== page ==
North Korea’s failed missile launch may have been thwarted by US cyber sabotage, according to a former British foreign secretary.
Former Conservative Foreign Secretary Sir Malcolm Rifkind has raised the possibility in a BBC interview that the missile’s failure may not have been simply the result of a conventional malfunction, but of a US cyber attack.
“It could have failed because the system is not competent enough to make it work, but there is a very strong belief that the US — through cyber methods — has been successful on several occasions in interrupting these sorts of tests and making them fail,” Sir Malcolm said.
“But don’t get too excited by that, they’ve also had quite a lot of successful tests.
“They are an advanced country when it comes to their nuclear weapons programme. That still remains a fact — a hard fact.”
The United States, its allies and China are working together on a range of responses to North Korea’s latest failed ballistic missile test, US President Donald Trump’s national security adviser says.
“We are working together with our allies and partners and with the Chinese leadership to develop a range of options,” H.R. McMaster said on ABC’s This Week program on Sunday (US time).
“This latest missile test just fits into a pattern of provocative and destabilising and threatening behaviour on the part of the North Korean regime,” Mr McMaster said.
While But Mr McMaster stressed that the US wanted to resolve the matter “peacefully”, he also hinted that unannounced military action may also be considered by the US.
Speaking from Kabul, Afghanistan, Mr McMaster acknowledged the likelihood of North Korean retaliation if Washington uses military force in an attempt to stop its weapons programs, which complicated the US’s potential response, he said.
“What (is) particularly difficult about — about dealing with this regime, is that it is unpredictable,” he said.
“It’s clear that the President is determined not to allow this kind of capability to threaten the United States. And our President will take action that is in the best interest of the American people.”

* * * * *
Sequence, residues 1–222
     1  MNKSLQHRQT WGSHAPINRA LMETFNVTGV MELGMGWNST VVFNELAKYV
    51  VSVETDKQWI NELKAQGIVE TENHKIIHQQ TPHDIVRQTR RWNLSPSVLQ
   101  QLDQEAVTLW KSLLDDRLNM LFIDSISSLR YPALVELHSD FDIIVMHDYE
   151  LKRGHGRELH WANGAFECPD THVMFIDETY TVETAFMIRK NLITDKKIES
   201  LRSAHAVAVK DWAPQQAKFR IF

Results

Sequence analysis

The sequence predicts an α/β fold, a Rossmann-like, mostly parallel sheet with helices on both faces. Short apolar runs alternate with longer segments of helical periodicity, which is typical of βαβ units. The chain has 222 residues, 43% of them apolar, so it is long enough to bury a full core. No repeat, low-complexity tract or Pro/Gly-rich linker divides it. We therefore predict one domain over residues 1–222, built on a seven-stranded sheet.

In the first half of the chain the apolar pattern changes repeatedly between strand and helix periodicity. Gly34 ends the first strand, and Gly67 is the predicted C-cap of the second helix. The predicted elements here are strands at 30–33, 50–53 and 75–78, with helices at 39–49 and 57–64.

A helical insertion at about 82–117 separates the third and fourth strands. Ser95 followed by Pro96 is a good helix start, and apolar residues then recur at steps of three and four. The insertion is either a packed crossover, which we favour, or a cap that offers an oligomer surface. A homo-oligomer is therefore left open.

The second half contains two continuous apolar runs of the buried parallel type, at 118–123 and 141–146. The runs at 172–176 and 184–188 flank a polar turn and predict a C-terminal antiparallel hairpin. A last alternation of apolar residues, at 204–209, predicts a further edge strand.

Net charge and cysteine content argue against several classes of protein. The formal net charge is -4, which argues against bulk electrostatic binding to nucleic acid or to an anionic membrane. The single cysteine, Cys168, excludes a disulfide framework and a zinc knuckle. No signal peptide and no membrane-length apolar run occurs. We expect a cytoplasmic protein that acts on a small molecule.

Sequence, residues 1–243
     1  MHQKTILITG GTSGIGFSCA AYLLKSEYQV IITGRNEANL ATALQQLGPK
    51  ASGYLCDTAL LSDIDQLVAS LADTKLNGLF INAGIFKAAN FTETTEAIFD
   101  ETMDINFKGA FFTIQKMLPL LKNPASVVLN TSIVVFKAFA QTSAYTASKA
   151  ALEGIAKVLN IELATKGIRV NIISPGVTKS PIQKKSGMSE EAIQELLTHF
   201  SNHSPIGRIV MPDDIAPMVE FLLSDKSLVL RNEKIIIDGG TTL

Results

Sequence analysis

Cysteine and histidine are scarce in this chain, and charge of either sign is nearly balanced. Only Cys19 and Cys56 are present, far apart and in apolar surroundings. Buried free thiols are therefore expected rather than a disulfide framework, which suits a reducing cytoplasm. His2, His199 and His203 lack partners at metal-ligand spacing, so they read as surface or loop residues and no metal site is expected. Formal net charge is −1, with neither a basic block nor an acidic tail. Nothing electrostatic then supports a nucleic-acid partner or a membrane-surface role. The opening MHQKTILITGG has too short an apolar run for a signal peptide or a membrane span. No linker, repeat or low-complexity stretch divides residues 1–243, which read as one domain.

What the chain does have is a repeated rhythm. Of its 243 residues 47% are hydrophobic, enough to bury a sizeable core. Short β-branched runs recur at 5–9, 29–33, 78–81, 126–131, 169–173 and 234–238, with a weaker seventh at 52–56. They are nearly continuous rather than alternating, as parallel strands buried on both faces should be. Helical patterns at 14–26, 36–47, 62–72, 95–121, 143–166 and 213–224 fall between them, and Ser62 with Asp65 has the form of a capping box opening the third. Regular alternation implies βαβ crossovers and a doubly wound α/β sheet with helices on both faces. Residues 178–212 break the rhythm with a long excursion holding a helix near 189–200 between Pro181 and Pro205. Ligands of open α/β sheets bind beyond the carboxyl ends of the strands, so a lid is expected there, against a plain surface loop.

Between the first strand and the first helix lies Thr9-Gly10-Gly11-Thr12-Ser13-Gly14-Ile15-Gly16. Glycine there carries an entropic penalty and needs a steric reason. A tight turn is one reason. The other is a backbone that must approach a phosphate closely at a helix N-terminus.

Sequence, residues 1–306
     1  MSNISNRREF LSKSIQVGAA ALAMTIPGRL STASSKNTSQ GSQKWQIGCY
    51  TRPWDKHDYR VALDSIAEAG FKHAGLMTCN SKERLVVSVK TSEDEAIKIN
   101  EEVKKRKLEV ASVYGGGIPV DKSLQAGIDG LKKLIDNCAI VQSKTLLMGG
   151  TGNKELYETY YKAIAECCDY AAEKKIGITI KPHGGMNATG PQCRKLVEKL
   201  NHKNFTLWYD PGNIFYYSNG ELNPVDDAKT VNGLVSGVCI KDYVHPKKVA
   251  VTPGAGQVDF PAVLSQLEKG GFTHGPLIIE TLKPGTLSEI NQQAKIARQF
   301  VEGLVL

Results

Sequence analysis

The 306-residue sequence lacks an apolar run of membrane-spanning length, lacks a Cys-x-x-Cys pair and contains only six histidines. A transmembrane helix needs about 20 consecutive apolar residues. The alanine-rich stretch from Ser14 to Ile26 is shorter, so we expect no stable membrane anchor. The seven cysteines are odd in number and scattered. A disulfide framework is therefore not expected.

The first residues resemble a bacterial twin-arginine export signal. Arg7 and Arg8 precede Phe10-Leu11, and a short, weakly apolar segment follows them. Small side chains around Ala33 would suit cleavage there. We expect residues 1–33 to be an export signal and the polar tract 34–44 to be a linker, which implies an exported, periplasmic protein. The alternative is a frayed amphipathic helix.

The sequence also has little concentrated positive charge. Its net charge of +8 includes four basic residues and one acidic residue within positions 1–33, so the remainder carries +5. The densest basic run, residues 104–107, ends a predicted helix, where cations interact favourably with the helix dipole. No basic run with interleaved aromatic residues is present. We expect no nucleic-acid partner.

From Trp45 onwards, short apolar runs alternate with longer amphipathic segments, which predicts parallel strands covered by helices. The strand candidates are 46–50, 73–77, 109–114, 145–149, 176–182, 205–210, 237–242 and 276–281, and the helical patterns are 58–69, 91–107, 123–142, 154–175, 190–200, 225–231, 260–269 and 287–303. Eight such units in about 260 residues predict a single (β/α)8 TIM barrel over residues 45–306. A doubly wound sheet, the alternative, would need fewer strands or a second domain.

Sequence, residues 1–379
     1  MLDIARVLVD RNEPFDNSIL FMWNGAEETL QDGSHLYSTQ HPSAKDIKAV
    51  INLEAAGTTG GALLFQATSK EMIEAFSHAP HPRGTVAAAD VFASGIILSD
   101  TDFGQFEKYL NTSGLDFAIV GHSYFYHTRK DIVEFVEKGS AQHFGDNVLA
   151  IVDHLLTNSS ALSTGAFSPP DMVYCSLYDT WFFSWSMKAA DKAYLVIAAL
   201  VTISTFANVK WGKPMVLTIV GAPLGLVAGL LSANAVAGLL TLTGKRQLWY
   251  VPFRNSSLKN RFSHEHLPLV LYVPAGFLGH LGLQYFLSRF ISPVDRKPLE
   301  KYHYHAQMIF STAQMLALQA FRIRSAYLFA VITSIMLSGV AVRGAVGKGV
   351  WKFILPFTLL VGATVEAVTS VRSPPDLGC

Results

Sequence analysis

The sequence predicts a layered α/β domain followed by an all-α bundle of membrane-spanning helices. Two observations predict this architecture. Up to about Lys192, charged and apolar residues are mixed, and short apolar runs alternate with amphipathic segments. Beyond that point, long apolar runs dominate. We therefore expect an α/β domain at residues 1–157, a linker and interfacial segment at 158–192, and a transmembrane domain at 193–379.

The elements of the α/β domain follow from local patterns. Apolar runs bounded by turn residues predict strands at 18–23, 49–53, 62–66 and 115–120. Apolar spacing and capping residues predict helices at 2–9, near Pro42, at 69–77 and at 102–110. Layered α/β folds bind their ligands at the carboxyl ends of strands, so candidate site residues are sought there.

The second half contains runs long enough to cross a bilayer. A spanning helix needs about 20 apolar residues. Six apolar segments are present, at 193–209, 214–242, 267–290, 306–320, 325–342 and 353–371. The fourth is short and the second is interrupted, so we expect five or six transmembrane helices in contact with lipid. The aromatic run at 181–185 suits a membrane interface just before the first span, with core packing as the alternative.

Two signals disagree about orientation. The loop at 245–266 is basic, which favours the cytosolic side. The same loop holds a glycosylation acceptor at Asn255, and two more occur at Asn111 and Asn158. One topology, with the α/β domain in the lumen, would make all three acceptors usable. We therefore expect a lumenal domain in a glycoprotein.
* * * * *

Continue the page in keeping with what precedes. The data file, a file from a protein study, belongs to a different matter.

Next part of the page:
Mr McMaster said Mr Trump had directed the National Security Council to collaborate with the Defense and State Departments, and intelligence agencies, to “provide options and have them ready for him if this pattern of destabilising behaviour continues.”
Hours after the failed test, Mr McMaster stressed Mr Trump’s preference, as with this month’s airstrikes in Syria, for unannounced military action.
He said the president had asked the national security council to integrate the efforts of the Defence and State departments and US intelligence agencies to develop options if “this pattern of behaviour continues and if the North Korean regime refuses to denuclearise.”
“There is an international consensus now, including the Chinese leadership, that this is a situation that just cannot continue,” Mr McMaster said.
The North Korean missile “blew up almost immediately” after its test launch on Sunday, the US Pacific Command said.
Hours later US Vice President Mike Pence landed in South Korea for talks on the North’s increasingly defiant arms program, a day after a military parade in Pyongyang included what appeared to be new long-range ballistic missiles.
North Korean leader Kim Jong Un has rebuffed admonitions from China and proceeded with nuclear and missile programs seen by Washington as a direct threat.
Mr Pence, addressing an Easter service with American troops in South Korea, said the US commitment to South Korea was unwavering.
The US nuclear-powered Carl Vinson aircraft carrier strike group is heading to the region.
China has spoken out against North Korea’s weapons tests and has supported UN sanctions. It has repeatedly called for talks while appearing increasingly frustrated with the North.
China banned imports of North Korean coal on February 26, cutting off its most important export.
Pyongyang has conducted missile and nuclear tests in defiance of UN sanctions, and regularly threatens to destroy South Korea and the US.